By Leah Vann
Special to the TJP
Jewish Family Service of Greater Dallas continues to operate, adapting its services to meet the demands of its clients amid the COVID-19 pandemic.
“JFS’s role during and after a crisis is to assist those who are impacted now and as they recover from their losses, whatever they may be,” JFS CEO Cathy Barker said. “JFS is here to help our community and those most vulnerable to navigate the journey to stabilization and recovery.”
The new “shelter-in-place” order issued by Dallas County Judge Clay Jenkins Sunday as well as Mayor Eric Johnson’s set of emergency regulations issued Tuesday urge residents to only leave their house for essential activities. JFS continues to deliver meals to those in need, but in a more cautious way.
Debbie Weiner, JFS director of Older Adult Services, said that the food deliveries come less frequently, but in larger bulk, and delivery volunteers have a special procedure to minimize contact.
“We’ve instructed them to set the meal down on the doorstep, ring the doorbell and stand 6 feet away,” Weiner said. “If it is not picked up, they will call them [the clients], and if they do not pick up the meal, then the volunteer is required to take the meal back. It’s not a perfect system, but it’s the best we can think of.”
Since the older population is one of the more susceptible groups to severe cases of the virus, Weiner understands that their anxieties are heightened about letting health care workers and food delivery volunteers physically into their homes.
But the emotional impact of not having human interaction can also be detrimental.
“Isolation is not necessarily good for older people,” Weiner said. “There’s a real delicate balance in observing isolation and having too much. It’s very important they stay in touch with friends and family as much as possible over the phone.”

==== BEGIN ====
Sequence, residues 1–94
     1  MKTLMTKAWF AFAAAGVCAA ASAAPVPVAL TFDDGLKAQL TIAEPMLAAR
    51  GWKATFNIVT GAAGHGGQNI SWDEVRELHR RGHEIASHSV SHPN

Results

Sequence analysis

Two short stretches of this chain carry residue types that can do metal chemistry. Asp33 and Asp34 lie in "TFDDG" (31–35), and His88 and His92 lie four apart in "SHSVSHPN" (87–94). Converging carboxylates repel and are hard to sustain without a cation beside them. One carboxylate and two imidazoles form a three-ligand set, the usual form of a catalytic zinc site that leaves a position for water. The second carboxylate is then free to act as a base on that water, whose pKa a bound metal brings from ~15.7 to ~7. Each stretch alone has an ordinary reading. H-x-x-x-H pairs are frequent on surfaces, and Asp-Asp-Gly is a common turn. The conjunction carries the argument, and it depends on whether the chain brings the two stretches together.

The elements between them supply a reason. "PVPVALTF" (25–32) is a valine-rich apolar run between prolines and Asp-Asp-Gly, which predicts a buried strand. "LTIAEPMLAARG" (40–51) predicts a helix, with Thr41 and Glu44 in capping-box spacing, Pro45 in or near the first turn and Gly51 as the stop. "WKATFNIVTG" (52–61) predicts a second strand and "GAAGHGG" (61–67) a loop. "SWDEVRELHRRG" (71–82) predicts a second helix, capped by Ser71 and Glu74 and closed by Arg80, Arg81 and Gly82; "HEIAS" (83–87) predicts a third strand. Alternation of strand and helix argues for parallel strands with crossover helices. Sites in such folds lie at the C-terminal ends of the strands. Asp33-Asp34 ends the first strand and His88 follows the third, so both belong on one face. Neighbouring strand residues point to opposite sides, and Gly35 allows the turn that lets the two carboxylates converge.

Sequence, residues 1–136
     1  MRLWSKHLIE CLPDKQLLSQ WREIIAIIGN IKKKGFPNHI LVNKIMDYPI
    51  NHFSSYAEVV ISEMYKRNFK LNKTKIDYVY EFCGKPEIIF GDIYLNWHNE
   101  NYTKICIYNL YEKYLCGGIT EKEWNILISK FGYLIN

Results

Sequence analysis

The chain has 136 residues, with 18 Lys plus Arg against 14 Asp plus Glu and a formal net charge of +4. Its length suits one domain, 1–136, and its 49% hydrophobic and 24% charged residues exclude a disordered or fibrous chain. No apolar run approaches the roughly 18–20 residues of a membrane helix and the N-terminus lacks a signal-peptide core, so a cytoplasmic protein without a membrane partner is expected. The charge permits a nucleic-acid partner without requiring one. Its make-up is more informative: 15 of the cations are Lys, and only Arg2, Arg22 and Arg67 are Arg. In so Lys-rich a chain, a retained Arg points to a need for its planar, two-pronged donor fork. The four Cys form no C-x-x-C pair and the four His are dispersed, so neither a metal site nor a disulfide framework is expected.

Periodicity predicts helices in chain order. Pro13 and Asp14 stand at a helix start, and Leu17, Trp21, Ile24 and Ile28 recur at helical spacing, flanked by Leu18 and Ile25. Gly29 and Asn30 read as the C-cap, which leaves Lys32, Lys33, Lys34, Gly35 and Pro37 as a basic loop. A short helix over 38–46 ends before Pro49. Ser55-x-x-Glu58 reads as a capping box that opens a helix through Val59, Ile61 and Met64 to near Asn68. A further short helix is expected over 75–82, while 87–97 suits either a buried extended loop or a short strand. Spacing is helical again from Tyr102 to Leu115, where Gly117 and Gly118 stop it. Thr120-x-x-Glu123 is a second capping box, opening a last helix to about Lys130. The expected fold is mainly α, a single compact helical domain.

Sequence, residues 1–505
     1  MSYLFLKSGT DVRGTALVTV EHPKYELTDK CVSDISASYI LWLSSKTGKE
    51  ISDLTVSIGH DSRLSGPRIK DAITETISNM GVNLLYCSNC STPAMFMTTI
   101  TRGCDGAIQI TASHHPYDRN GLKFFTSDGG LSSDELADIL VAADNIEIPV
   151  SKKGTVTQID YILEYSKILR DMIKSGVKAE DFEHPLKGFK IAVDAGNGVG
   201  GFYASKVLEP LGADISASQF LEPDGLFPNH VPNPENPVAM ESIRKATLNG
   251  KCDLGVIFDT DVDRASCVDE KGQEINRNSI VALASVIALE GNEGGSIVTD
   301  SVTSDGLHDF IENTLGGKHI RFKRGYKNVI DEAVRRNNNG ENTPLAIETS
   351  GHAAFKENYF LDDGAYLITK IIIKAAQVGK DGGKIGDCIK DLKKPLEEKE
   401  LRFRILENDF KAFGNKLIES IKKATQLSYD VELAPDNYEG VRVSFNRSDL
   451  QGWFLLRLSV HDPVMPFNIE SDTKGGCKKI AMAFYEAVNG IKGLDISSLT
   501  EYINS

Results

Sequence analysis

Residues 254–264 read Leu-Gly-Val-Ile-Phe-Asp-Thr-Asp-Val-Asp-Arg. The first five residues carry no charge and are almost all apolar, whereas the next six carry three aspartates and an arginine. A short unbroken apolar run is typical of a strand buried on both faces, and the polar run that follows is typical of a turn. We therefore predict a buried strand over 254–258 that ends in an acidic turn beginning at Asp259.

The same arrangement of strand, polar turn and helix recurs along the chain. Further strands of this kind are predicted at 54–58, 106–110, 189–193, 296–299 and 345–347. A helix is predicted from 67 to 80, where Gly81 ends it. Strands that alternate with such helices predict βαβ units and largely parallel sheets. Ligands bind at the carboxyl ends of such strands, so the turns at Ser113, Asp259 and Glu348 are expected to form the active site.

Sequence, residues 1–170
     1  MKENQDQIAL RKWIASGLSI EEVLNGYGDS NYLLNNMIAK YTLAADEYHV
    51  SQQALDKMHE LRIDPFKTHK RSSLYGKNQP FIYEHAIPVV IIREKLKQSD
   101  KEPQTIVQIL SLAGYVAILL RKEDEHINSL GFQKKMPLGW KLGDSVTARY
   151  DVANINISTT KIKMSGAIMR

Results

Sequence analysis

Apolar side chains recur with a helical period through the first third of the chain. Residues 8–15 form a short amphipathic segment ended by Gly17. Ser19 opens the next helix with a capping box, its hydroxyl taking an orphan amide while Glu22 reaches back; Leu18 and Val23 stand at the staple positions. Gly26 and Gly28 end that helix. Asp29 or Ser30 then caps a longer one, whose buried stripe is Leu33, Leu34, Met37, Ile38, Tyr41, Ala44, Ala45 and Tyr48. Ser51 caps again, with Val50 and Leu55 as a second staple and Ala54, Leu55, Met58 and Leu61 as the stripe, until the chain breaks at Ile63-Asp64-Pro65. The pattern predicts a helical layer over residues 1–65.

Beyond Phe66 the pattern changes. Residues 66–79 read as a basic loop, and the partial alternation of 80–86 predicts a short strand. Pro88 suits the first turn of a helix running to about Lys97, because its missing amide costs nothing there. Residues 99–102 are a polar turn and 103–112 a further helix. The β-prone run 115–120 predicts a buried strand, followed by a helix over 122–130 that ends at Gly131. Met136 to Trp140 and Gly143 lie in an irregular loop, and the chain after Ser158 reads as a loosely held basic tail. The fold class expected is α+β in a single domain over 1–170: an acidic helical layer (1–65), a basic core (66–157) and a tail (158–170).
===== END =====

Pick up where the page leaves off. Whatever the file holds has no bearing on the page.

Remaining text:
Phone calls and telecalling, which includes face-to-face video chat, are helpful, but for the hearing impaired, Weiner also encourages handwritten letters.
JFS Chaplain Rabbi Howard Wolk believes there are positives to putting a pause on regular life in quarantine if people use their time wisely
“We should sanctify the time that we’re shuttered in to expand ourselves intellectually and spiritually,” Rabbi Wolk said. “Read a chapter from the book of Psalms every day.”
JFS is still offering counseling services over the phone or through telehealth resources and encourages people to call at any time to work through potential anxieties or loneliness. The organization suggests that people not watch the 24-hour news cycle all day, which repeats itself and can be anxiety-producing. Watching a variety of programs, listening to music, reading books, doing crossword puzzles or playing board games can help pass the time in a positive, stimulating way.
For Jews this year, though, people will see a different Passover, which begins April 8. Passover programs across the country and travel plans to see family are being canceled. It’s a time when Jews might have Seders limited to the people in their household.
“People are prepared to have a very small number of people at their Passover seder,” Rabbi Wolk said. “It’s going to be a very different answer when the question, ‘Why is this night different from all other nights,’ is asked at the Passover Seder. There are going to be a lot of new responses to that.”
By Leah Vann